What makes men happy? In 1938 Harvard University began a research study that followed 268 male undergraduate students and began the longest-running longitudinal study of human development in history. Now, George Vaillant, MD, who headed the study for more than 30 years, published the study's findings in his book Triumphs of Experience: The Men of the Harvard Grant Study.
After 75 years and twenty million dollars, Vaillant sums up the findings of what makes men happy in five words:
"Happiness is love. Full stop."
Is this so shocking? Is the answer going to be different for women? At the core this is what we all want, but are too buried in our protective gear to receive it.
Love in an evolutionary impulse.
To be loved means we are safe, we are fully accepted and we belong. If we belong than we know that other people have our back and we're going to be okay when danger lurks. We can relax, be vulnerable and open up to the good that life has to offer.
But we don't live in an ancient culture anymore where we physically belong to a tribe or not. It's not okay to be vulnerable, but vulnerability is where love lies. Nowadays we have to dress a certain way, act a certain way, socially contort ourselves a certain way to find acceptance. We engage life not from any authentic core, but from a series of sub personalities. As we do this we create different masks to wear within our families, work and even among friends.
It's as if we're living from a "continuous partial self" and not a whole self.
But, one of the most important things to grasp here is that it's not our fault, we're trained this way as we grow up. To us, we just think this is the way the world works.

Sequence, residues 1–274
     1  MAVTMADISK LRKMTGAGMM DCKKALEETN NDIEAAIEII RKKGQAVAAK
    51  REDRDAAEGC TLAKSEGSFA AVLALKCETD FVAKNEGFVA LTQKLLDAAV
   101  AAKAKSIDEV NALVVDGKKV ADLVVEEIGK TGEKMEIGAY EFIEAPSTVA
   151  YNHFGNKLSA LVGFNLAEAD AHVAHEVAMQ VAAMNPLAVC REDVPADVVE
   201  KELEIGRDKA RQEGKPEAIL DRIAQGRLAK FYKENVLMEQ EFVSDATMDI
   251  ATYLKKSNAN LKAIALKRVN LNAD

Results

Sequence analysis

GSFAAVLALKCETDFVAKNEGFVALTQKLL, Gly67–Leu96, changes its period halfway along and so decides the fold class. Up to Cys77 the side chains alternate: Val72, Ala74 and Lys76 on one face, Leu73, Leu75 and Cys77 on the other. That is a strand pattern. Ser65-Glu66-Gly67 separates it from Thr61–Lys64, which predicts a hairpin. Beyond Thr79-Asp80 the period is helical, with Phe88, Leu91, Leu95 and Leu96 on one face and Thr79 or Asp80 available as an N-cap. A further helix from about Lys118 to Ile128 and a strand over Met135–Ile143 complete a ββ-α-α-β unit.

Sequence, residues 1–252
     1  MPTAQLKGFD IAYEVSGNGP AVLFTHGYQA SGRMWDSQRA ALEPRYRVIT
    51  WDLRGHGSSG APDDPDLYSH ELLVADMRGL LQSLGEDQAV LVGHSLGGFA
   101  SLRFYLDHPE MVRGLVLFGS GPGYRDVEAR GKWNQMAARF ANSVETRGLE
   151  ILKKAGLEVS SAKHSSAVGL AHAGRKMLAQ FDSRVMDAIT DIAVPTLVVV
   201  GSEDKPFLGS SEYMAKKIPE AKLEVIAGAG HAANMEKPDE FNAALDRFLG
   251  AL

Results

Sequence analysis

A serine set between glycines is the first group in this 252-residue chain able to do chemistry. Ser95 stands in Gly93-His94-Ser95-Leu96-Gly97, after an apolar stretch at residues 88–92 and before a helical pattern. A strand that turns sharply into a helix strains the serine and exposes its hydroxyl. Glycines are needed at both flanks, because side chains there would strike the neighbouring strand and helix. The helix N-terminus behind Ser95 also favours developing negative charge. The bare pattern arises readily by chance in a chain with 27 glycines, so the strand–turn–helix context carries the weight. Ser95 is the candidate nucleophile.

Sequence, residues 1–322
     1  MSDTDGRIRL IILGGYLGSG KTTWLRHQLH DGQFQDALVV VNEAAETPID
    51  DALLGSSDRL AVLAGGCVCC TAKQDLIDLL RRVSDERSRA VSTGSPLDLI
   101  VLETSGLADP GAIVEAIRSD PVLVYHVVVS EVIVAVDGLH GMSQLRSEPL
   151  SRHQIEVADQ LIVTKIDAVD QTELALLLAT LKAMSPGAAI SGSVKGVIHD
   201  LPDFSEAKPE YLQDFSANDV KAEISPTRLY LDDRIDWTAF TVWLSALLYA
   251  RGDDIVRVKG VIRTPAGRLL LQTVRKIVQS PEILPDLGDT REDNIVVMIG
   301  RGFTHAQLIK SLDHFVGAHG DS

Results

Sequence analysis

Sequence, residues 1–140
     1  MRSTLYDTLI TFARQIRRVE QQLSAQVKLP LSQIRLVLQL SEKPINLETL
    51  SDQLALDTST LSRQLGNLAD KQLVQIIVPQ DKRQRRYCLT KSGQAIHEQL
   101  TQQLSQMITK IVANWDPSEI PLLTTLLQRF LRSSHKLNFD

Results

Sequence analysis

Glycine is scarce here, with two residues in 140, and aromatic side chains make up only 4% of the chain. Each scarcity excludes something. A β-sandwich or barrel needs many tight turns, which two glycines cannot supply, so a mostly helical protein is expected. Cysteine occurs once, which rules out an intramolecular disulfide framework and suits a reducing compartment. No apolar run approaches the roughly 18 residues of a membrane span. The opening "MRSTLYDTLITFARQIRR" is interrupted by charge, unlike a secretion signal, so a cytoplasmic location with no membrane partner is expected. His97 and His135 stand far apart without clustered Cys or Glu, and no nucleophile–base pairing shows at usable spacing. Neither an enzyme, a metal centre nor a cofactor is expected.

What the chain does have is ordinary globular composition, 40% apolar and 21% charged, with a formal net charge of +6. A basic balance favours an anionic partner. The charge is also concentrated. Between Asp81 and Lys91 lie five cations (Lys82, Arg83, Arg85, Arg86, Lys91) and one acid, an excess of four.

But we're living in the midst of an important time in evolution where we are empowered through neuroscientific discoveries that with our intention and actions we can actually change our brains. We now know that what happens in our life, for example trauma, gets imprinted in our genes and transferred on to the next generation. As generations repeatedly practice engaging a whole-hearted life we can create transgenerational effects where being loving and authentic is a strength and comes more naturally.
It all starts with us right now and one of the best practices I've found for priming the heart and expanding it is the lovingkindness practice.
If the longest running study has found that for men (and I'd argue women, too) "happiness is love," then it's worth generating more love in our lives. If you do anything this week, take a few minutes out, give yourself this gift and experiment with this practice.
See what you notice.
Adapted from Mindfulness and Psychotherapy.
Follow Elisha Goldstein, Ph.D. on Twitter: www.twitter.com/Mindful_Living